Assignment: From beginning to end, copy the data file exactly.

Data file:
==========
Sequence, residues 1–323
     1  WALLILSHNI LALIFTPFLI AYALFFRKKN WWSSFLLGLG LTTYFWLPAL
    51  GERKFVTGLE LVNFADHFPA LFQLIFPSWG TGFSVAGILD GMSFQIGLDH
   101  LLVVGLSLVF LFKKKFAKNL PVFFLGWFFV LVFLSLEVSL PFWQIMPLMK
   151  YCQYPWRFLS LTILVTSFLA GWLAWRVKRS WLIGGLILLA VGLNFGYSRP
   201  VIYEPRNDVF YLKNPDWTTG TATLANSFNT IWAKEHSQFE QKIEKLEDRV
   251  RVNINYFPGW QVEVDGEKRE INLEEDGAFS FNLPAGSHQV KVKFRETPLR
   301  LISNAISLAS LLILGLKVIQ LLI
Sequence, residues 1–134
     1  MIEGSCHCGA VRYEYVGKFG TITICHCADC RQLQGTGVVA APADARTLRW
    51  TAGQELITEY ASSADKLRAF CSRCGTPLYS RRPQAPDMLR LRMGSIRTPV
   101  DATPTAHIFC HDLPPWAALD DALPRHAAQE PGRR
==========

Sequence, residues 1–323
     1  WALLILSHNI LALIFTPFLI AYALFFRKKN WWSSFLLGLG LTTYFWLPAL
    51  GERKFVTGLE LVNFADHFPA LFQLIFPSWG TGFSVAGILD GMSFQIGLDH
   101  LLVVGLSLVF LFKKKFAKNL PVFFLGWFFV LVFLSLEVSL PFWQIMPLMK
   151  YCQYPWRFLS LTILVTSFLA GWLAWRVKRS WLIGGLILLA VGLNFGYSRP
   201  VIYEPRNDVF YLKNPDWTTG TATLANSFNT IWAKEHSQFE QKIEKLEDRV
   251  RVNINYFPGW QVEVDGEKRE INLEEDGAFS FNLPAGSHQV KVKFRETPLR
   301  LISNAISLAS LLILGLKVIQ LLI
Sequence, residues 1–134
     1  MIEGSCHCGA VRYEYVGKFG TITICHCADC RQLQGTGVVA APADARTLRW
    51  TAGQELITEY ASSADKLRAF CSRCGTPLYS RRPQAPDMLR LRMGSIRTPV
   101  DATPTAHIFC HDLPPWAALD DALPRHAAQE PGRR